Tushar: Its the end of day two for me and as I eagerly wait for Matt to join me on Thursday morning, here is a summary of things changed and new things learnt till now along with a video interview of a representative average income lady ( a local vegetable seller)
1. Offloading the excess:
We had to say goodbye to:
a. Convenience: Car, Maid, Air conditioning, washing machines, Refrigerator (for the most – we can only use sparingly), gym, electric shavers/trimmers.
b. Food/drinks: Meat, milk or milk based products except chai, desserts, most packaged products, non Indian spices/food, all soft and hard drinks.
c. Toiletries: Floss, conditioner, deodorant (sorry ladies!), toilet paper, liquid soaps, facewash, gel.
2. Healthy calories are expensive! Can we stay healthy and eat full?
Its becoming clear that healthy calories cost more than unhealthy calories. I am observing that protein calories (dal, egg, soybean, milk) are more expensive than carbs (rice/wheat) and within carbs, more processed and refined calories (white rice/bread etc) cost less than lesser refined/processed varieties (brown rice/bread etc). Even though vegetables are cheap, potatoes (starch) seems to be the most cost effective amongst them. This perhaps explains why the staple diet of the average Indian is carbs rich and often displays protein-carbs substitution, however remains a little counter-intuitive to us from a processing cost perspective. Anyway, the paradox I am dealing with is that if we want to eat a healthy balance of protein, fat and carbs, then we will have to eat lesser than our required calories. Else we have to substitute in greater amounts of carbs.
More analysis on the nutritional aspects of our diets to follow in our blog.
3. Forget milk, say hello to Soybean and Veggies
I am missing milk and milk-based products (butter, ice cream, yogurt, paneer, cheese…sigh!!), but unfortunately, at 27 Rs/litre, milk is luxury and can be only used sparingly. On the other hand, soybean chunks is becoming the staple wonder-food, giving relatively higher amounts of protein at relatively cheaper prices. Seasonal vegetables are extremely cheap and while they bring in little calories, are a great source of vitamins and minerals.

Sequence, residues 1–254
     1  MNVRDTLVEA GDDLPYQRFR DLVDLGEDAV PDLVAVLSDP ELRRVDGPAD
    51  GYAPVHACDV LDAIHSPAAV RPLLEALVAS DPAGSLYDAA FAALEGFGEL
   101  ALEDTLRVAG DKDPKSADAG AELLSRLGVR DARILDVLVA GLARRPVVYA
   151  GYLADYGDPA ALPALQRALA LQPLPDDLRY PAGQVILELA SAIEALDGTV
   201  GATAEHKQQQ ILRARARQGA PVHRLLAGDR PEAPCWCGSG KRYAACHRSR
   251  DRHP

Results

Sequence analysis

4. Being hungry sucks
Woke up today little disoriented, hungry and irritated. Was not a nice feeling – fell asleep again shortly after breakfast. And this is when my lifestyle otherwise is sedentary except for the evening run. Can only imagine the ordeal of someone who has to do hard labor on an empty stomach! I found myself adding in higher amounts of sugar and salt in my food to compensate for the lack of quantity.
5. The world is your playground – literally
Can’t afford the gym, so decided to change my workout to free-running (3-4km), squats, push-ups, crunches… will need to find some good sized stones to do lifting if possible.
6. Travel is trouble
Any daily commute beyond 5 km is expensive, at least in Bangalore (assuming Re. 1 per km if using bus/motorcycle). Sharing a bike or using a bicycle is a good approach. But typically where people work are usually high rent areas, which means transport must be significantly eating into the wallets for the average Indian. Also, without cheap transport, it isn’t easy to get to large wholesale markets to buy relatively cheaper food, adding to the costs.
I need to travel a fair bit for work tomorrow to town, so as I sleep, I am already making mental calculations for what I will need to cut from my food in order to make that extra space for travel costs. Its a tough life, but at least I can enjoy this late night dessert I made of half bread lightly fried with a spoon of white gold (milk), oil and sugar. “Shahi tukda”? I dont know about that “Shahi” bit!